The phenomenon that if a variable is extreme on its first measurement, it will tend to be closer to the average on its second measurement.
Huh? What does that mean?
To understand this, let’s look at Sir Galton’s original study in 1886 - which compared heights of children to their parents. He measured the heights of hundreds of children who’d reached adulthood and the average height of their parents. He was surprised by what he saw when he plotted the data:
It appeared from these experiments that the offspring did not tend to resemble their parents in size, but always to be more mediocre than they – to be smaller than the parents, if the parents were large; to be larger than the parents, if the parents were very small.
Galton originally called this phenomenon “regression towards mediocrity” (if you also have a sense of humor on the dry side this might make you smile - but I digress) - it’s now what’s commonly termed regression to the mean.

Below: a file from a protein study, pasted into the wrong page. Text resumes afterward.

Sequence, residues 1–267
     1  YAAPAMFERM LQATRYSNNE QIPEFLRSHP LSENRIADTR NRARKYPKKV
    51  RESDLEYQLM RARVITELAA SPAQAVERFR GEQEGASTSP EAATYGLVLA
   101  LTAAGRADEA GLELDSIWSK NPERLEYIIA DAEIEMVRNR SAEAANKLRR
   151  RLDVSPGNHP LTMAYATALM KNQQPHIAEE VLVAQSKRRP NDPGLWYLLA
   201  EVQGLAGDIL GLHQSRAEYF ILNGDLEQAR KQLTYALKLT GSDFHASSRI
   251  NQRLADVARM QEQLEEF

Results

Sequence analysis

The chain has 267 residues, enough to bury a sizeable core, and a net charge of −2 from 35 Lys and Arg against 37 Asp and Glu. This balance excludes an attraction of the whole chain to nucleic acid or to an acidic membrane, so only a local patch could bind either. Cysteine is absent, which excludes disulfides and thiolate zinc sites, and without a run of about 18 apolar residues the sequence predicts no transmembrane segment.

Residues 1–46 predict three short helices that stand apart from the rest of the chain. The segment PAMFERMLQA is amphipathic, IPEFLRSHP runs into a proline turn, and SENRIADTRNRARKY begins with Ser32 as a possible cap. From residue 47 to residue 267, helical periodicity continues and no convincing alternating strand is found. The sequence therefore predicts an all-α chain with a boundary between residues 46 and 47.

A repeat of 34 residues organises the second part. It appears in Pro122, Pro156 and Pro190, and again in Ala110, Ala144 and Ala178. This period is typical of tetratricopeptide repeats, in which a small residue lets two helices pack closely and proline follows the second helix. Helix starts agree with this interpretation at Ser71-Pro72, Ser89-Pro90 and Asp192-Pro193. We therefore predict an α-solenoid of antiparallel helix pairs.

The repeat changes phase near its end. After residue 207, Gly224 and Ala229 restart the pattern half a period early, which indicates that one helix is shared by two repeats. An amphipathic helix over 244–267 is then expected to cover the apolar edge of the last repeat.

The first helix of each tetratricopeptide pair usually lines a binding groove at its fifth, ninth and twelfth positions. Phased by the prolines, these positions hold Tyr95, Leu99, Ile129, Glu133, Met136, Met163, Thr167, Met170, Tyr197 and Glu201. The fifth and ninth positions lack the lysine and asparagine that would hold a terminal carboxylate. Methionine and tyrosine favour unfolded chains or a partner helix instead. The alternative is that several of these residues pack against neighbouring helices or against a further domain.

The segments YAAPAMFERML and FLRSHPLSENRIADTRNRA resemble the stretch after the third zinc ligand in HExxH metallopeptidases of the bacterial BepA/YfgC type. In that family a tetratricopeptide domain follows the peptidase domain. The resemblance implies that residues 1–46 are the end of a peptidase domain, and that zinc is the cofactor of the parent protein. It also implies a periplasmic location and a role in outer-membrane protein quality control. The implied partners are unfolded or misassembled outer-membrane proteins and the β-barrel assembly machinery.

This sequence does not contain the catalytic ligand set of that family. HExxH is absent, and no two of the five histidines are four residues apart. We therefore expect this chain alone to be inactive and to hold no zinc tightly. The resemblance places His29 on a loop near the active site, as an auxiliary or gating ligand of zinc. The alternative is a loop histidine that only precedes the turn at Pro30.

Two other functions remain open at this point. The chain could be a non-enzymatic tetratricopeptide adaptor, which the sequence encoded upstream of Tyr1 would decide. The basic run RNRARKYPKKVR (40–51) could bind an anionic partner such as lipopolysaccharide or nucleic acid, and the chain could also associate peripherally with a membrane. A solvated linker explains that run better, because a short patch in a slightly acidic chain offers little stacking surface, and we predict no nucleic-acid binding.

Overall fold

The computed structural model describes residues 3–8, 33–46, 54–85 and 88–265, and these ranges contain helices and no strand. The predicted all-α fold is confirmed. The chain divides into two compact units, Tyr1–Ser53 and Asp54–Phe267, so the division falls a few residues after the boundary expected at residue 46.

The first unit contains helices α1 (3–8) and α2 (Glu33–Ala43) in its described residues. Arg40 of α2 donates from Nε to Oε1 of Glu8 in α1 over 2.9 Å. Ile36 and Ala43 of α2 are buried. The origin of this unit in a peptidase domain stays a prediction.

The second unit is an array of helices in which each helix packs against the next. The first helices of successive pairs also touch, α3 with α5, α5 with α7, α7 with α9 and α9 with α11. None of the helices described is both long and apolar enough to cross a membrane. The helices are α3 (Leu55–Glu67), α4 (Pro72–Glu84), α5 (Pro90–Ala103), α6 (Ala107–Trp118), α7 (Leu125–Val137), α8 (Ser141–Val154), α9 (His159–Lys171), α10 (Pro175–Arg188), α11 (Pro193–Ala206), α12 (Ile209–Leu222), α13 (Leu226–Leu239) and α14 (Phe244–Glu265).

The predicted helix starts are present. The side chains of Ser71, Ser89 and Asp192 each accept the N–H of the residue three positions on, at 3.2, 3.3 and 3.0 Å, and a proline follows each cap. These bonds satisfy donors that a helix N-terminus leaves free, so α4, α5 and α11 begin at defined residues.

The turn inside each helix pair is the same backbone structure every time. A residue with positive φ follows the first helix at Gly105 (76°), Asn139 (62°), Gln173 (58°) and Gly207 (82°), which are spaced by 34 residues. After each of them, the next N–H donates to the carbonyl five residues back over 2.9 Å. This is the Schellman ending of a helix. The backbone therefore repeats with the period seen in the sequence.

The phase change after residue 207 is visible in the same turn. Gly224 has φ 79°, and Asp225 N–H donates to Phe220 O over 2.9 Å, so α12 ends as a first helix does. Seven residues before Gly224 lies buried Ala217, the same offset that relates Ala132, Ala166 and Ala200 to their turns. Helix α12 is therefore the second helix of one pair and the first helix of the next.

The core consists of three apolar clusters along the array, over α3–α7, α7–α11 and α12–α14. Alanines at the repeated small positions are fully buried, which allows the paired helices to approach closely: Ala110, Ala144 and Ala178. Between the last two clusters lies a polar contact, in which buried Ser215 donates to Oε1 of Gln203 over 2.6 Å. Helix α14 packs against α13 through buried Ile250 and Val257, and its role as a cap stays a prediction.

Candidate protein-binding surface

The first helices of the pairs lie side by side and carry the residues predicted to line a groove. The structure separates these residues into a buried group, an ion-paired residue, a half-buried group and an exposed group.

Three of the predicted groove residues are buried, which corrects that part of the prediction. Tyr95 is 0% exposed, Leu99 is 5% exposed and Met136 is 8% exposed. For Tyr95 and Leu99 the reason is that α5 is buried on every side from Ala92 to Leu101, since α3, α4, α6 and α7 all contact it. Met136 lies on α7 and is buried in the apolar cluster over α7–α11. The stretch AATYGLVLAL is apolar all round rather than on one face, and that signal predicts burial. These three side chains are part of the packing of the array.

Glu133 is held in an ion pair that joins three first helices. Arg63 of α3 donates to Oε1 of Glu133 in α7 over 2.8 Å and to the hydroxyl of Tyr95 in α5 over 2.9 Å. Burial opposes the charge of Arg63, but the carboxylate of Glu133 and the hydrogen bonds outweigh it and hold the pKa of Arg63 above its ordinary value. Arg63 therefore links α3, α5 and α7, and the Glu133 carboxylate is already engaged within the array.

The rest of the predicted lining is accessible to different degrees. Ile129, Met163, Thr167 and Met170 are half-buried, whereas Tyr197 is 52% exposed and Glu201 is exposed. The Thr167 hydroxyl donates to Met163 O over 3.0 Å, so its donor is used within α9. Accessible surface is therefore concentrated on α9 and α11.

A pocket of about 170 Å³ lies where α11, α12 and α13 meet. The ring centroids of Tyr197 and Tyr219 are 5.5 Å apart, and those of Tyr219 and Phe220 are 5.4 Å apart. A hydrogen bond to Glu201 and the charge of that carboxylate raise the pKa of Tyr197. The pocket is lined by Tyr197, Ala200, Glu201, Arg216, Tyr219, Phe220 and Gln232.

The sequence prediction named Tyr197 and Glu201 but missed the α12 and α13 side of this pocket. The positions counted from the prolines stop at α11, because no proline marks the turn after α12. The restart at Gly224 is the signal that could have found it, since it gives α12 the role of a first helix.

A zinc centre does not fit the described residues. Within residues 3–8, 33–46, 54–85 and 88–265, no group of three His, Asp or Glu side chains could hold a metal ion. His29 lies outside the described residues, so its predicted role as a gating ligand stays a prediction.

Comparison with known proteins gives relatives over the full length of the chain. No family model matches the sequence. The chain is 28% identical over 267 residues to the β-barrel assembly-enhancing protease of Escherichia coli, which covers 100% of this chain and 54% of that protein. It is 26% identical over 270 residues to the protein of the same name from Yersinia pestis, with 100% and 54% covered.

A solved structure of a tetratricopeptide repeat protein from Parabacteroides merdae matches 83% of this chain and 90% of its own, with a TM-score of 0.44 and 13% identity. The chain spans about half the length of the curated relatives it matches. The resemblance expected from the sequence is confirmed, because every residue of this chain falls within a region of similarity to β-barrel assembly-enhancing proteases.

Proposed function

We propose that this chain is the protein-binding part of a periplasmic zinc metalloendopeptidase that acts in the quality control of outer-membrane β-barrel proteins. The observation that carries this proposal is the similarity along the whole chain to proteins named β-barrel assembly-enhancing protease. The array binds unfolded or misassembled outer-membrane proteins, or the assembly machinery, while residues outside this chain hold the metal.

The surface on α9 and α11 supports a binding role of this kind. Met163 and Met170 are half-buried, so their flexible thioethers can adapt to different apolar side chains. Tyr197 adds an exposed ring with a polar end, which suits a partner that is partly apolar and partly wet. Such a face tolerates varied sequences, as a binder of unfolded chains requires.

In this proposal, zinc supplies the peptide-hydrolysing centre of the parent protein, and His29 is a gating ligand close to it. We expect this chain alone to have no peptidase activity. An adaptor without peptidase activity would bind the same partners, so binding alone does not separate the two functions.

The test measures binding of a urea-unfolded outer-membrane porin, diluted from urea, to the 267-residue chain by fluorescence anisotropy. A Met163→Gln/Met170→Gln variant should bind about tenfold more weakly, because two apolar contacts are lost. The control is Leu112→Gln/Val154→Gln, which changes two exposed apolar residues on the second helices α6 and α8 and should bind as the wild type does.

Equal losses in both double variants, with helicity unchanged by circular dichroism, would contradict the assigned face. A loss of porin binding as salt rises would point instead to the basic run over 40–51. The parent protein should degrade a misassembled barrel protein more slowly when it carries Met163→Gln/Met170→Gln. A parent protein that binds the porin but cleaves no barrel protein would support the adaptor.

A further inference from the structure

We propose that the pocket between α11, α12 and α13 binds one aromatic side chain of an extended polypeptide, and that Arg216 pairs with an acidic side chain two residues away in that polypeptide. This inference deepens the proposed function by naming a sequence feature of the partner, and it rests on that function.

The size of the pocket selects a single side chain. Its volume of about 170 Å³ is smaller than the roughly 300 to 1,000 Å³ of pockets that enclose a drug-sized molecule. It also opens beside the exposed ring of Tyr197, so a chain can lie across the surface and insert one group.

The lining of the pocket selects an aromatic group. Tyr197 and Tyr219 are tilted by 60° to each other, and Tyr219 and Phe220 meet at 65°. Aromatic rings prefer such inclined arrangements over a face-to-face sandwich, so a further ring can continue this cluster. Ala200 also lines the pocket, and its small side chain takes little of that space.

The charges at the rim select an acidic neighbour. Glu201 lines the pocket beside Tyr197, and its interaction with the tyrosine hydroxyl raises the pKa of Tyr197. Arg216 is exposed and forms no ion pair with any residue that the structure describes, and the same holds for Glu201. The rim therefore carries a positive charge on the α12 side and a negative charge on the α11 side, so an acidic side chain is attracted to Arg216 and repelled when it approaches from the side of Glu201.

🏀 A memorable example: Michael Jordan’s "modestly talented” sons
If you haven’t quite wrapped your head around RTM just yet, just try to remember this (slightly dated but still relevant) example from basketball.
Michael Jordan, the greatest basketball player in the history of the professional game, has two sons who are modest talents at best. The probability that either will make it to a professional league seems low, a reality acknowledged by one of them.
It is still noteworthy of course that both had the talent to make it onto a roster of a Division I NCAA team. This is not typical for any young man walking off the street. But the range in realized talent here is notable.